• 64 bit Linux on Raspberry Pi 3B+

  • For a project I wanted to investigate 64 bit Linux on an A53 core, so I thought that a Raspberry Pi3 would fit the bill. Having unwrapped a Pi 3B+ I started as usual to just get a standard image built, written to SD card and then booted. The great thing about the Pi is that there is plenty of on line documentation, how to guides and forums that provide the answers you need.

    To build as small a filesystem as possible the pi-gen script was used to create a Raspbian image. The LITE image was chosen to get basic tools installed. Following the pi-gen readme I generated a script to build the LITE image which is found at RaspberryPi64bit/build-raspbian.sh.

    The output from this build is pi-gen/work/<today’s date>-Raspbian-lite.img. In my case pi-gen/work/2018-07-11-Raspbian-lite.img. Etcher was used to write this to SD card and booted the Pi. With the Pi3B+ on Ethernet  Fing was used to identify its IP address on the local network but unfortunately it was not possible to log in with SSH. At this point I decided it was time to dive in and build my 64 bit image from scratch to get a terminal (with hindsight the solution at this point would have been to mount the boot partition on my host PC and create a file called ssh to enable SSH).

    The fun started when I realised when I started to customise the build. The main issues were that:

    • The only official kernel supported is 32 bit.

    This was easily solved by downloading a 64bit aarch64 Linaro toolchain and using it to build the kernel.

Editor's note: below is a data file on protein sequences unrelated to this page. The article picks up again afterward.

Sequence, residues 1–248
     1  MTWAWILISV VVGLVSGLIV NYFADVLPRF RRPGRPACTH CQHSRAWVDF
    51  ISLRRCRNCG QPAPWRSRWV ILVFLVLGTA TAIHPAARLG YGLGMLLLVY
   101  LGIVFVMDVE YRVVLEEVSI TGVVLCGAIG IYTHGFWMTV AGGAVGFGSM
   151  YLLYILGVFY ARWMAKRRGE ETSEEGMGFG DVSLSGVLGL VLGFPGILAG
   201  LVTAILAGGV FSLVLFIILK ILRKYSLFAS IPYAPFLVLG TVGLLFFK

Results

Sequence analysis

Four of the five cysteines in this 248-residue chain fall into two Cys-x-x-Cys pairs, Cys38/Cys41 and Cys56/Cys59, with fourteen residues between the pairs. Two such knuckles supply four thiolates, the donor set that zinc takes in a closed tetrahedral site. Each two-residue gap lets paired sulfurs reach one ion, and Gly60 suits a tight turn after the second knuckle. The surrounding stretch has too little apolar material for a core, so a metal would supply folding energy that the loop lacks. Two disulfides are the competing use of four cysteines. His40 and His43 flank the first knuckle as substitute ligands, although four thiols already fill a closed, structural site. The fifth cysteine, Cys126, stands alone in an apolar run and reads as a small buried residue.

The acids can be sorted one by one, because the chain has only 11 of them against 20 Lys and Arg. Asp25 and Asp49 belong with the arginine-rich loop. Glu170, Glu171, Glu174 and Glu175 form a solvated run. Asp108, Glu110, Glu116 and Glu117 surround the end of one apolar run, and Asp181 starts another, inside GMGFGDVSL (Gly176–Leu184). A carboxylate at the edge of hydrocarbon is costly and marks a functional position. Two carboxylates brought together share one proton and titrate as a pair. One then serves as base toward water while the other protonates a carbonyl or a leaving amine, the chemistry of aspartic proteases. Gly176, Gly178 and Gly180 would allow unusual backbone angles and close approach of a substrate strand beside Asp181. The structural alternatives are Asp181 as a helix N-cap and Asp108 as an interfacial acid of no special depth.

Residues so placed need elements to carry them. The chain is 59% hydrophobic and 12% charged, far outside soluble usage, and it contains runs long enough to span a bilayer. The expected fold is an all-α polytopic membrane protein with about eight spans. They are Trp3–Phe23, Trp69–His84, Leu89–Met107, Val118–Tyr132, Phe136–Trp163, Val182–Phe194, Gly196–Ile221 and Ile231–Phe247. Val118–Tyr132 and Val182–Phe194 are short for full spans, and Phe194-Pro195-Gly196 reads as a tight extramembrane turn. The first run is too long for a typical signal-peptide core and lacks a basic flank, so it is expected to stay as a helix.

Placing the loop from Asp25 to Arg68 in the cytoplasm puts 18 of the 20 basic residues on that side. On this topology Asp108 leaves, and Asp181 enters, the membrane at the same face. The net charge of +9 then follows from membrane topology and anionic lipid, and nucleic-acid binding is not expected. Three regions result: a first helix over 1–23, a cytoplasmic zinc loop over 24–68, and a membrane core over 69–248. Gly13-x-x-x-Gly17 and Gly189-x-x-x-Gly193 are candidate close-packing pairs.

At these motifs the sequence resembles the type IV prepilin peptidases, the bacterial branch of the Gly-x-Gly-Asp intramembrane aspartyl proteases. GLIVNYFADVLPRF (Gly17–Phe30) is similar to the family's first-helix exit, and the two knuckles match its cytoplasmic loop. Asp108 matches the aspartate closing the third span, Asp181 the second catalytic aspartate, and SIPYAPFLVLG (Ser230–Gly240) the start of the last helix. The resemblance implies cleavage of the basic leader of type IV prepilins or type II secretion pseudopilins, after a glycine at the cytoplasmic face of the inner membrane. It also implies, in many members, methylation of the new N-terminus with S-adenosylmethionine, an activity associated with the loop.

• there is no u-boot as the binary bootloader that runs on the RPi3’s GPU is powerful enough to boot straight into Linux.

    The bootloader looks for a file kernelX.img on the BOOT partition of the SD card and will load and run the file with the highest value of X. X is typically defined to be the ARM core version and so for a 64 bit A53 this would be kernel8.img.

    In my case I wanted to use u-boot and so the uboot binary compiled with the aarch64 toolchain was renamed kernel8.img. The other trick to get this to work is that the config.txt file on the boot partition needs to have the following command to switch core into 64 bit mode

    arm_control=0x200

    u-boot was then configured to load and run linux using a boot.scr file

     

    • The main UART runs the Bluetooth HCI link by default rather than a serial terminal which will help debug boot problems

    In this case Bluetooth was not required and so the Device Tree file was patched to swap the UART pin usage and the terminal use was enabled in config.txt with

    enable_uart=1

     

    • SSH is disabled by default.

    The solution is to create a dummy file in the boot partition called ssh using touch command

     

    • The good news is that a 64 bit kernel will still be able to run with a 32 bit filesystem so the Raspbian-Lite image can still be used for the file system.

    This meant that the original Raspbian image could be copied to a new .img file which could then be mounted to a BOOT and ROOTFS partition on the host and the new uboot, linux kernel and configuration files copied in. Once these partitions were unmounted the new .img file could be copied to an SD card with Etcher and booted.

     

    This full process is implemented by the scripts at https://github.com/HunterEmbedded/RaspberryPi64bit

    $git clone https://github.com/HunterEmbedded/RaspberryPi64bit.git
    
    $cd RaspberryPi64bit
    
    $./build-raspbian.sh

    At this point edit RASPBIAN_NAME in build-uboot-linux64.sh to match the image just created

    $./build-uboot-linux64.sh

    When that is done use Etcher to programme Raspbian-image/uboot-linux64.img to an SD card.

    With the new SD card image you get 64 bit u-boot and linux booting with a terminal available via the UART on pins 6 (GND), 8 (TXD0) and 10 (RXD0) on a RPi3B+. I used an FTDI RPi TTL cable connect these pins to the PC.

    The only problem I was left with was that the terminal prompt (Teraterm) did not respond to keyboard input and just gave me the boot log. For the purposes of my project this was sufficient to give me the IP address and so I could SSH in and use the 64 bit kernel.